John Buchanan of Script Magazine recently laid out the work habits that writers need to have to be successful in the film industry:
Screenwriting is unlike any other professional endeavor. To survive its unique pressures and peculiarities and have a career, you’ll have to master a few fundamental disciplines.
It’s one thing to sell a spec script or complete a first paid assignment for a studio. It’s another thing entirely to establish a reputation as a reliable professional and enjoy a long career as an in-demand Hollywood screenwriter. After the glow of initial success fades out, new writers learn—often painfully—that the requisite capabilities for a working scribe reach far beyond the ability to write crackling dialogue or craft a nifty plot twist. Too often, it’s assumed that talent trumps disciplined, hard work.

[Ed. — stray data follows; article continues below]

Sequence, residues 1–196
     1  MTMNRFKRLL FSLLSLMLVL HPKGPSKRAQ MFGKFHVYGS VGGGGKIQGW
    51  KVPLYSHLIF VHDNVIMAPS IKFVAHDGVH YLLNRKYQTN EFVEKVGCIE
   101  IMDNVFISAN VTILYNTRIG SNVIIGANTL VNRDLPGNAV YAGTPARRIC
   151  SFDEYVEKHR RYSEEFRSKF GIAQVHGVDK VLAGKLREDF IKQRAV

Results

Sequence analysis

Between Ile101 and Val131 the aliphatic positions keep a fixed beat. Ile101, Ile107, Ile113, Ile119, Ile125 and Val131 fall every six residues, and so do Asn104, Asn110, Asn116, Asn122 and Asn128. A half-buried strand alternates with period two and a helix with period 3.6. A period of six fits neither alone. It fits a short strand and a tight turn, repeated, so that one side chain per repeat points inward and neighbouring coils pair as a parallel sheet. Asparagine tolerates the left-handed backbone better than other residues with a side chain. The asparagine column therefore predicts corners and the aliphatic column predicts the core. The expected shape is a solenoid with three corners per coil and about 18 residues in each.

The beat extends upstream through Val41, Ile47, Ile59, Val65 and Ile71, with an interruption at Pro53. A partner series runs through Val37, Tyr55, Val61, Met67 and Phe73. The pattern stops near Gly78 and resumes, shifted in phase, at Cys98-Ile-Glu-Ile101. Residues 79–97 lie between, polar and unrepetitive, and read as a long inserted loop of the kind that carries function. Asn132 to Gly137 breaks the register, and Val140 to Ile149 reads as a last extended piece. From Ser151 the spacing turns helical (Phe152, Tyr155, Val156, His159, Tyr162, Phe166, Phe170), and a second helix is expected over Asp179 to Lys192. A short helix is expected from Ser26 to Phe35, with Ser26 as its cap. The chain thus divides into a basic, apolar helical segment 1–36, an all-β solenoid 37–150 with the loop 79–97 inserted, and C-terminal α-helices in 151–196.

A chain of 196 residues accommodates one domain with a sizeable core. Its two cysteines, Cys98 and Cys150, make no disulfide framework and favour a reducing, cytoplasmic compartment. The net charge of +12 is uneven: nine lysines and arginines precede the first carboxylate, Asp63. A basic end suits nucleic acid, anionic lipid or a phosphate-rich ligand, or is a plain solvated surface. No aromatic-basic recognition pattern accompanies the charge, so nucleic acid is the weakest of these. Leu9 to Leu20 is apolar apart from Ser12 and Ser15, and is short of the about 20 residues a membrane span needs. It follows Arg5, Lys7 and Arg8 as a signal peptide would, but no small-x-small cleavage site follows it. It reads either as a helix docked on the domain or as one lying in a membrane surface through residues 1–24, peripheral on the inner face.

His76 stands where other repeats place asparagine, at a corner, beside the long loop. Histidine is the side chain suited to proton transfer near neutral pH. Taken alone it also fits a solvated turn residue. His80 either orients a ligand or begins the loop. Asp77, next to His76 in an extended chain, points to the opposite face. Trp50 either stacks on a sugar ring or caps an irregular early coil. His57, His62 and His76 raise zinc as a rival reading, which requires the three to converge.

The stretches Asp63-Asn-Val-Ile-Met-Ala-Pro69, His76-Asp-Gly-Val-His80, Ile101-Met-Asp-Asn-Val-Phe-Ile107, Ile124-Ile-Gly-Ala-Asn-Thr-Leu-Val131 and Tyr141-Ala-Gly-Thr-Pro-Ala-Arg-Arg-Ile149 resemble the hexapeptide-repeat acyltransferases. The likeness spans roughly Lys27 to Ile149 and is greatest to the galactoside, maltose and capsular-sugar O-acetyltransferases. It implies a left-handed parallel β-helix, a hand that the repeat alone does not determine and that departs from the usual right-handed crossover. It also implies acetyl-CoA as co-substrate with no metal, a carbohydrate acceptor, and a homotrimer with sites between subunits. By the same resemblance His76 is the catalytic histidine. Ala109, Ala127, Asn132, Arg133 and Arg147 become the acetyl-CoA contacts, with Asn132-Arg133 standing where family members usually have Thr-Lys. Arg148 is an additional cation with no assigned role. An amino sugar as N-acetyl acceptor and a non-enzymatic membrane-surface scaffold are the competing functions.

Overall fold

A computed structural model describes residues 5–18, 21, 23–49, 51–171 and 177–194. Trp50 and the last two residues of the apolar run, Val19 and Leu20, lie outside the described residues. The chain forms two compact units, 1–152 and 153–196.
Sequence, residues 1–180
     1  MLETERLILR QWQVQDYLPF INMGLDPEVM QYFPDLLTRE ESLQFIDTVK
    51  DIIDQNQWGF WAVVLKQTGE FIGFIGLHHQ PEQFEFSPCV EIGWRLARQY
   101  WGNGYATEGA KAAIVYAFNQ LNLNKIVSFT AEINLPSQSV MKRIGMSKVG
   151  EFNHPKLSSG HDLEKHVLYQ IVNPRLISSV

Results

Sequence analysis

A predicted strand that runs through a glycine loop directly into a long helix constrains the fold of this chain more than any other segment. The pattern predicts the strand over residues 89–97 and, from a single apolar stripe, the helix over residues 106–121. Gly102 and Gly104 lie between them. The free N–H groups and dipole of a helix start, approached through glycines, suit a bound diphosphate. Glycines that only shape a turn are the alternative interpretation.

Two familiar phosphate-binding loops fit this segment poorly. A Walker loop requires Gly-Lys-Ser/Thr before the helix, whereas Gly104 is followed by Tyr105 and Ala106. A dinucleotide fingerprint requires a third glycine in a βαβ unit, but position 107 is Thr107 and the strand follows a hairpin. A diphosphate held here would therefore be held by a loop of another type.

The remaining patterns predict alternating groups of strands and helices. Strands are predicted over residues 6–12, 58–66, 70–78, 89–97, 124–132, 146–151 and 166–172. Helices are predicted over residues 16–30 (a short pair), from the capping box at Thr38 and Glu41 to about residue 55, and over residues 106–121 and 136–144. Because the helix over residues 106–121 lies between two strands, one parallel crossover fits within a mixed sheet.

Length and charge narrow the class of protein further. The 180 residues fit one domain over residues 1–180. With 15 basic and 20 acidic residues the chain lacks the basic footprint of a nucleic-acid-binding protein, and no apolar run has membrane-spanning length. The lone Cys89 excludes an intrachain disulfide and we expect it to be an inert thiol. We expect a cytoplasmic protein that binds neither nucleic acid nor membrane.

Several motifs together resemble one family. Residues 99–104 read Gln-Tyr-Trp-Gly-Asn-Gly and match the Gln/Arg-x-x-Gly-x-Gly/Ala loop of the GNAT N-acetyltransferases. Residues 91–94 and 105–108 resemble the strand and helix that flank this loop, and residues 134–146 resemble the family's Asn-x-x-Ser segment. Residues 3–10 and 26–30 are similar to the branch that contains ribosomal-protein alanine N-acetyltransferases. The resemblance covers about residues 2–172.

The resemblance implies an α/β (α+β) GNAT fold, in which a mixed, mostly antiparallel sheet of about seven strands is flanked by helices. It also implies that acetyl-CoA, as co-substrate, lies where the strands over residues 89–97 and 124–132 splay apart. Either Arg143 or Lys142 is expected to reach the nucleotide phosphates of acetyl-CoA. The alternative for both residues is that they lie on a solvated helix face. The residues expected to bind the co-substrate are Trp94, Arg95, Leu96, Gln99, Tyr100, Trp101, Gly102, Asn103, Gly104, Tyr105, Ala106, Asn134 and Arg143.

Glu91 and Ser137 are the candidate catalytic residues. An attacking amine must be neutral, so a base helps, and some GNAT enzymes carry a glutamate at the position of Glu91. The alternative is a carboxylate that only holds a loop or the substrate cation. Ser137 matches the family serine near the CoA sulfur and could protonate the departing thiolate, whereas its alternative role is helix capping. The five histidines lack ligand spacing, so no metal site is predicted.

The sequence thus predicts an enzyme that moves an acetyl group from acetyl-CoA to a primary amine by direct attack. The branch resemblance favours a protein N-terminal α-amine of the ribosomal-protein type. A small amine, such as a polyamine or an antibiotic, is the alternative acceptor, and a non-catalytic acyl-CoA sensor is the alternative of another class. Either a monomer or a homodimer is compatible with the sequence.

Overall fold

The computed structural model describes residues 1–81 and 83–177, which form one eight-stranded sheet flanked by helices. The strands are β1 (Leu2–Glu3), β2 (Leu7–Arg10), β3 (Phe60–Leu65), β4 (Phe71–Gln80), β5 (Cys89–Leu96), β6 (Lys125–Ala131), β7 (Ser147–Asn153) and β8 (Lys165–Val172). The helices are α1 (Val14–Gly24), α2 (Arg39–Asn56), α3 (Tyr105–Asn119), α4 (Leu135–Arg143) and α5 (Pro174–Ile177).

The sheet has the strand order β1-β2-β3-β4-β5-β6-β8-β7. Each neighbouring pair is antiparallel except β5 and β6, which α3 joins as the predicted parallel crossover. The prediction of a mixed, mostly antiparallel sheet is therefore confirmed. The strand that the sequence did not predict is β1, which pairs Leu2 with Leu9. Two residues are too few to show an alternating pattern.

Nothing could be further from the truth.
“Work habits are as important as talent,” says Craig Mazin (The Hangover II, Scary Movie 3, Scary Movie 4). “You can’t really make it with just half of the equation. The basis for a long career is to be able to have some modicum of talent, but to have a good work ethic. And that’s because writing is a hard thing to do. It seems as simple as tapping on a keyboard, but it’s not. It’s difficult, both emotionally and physically.”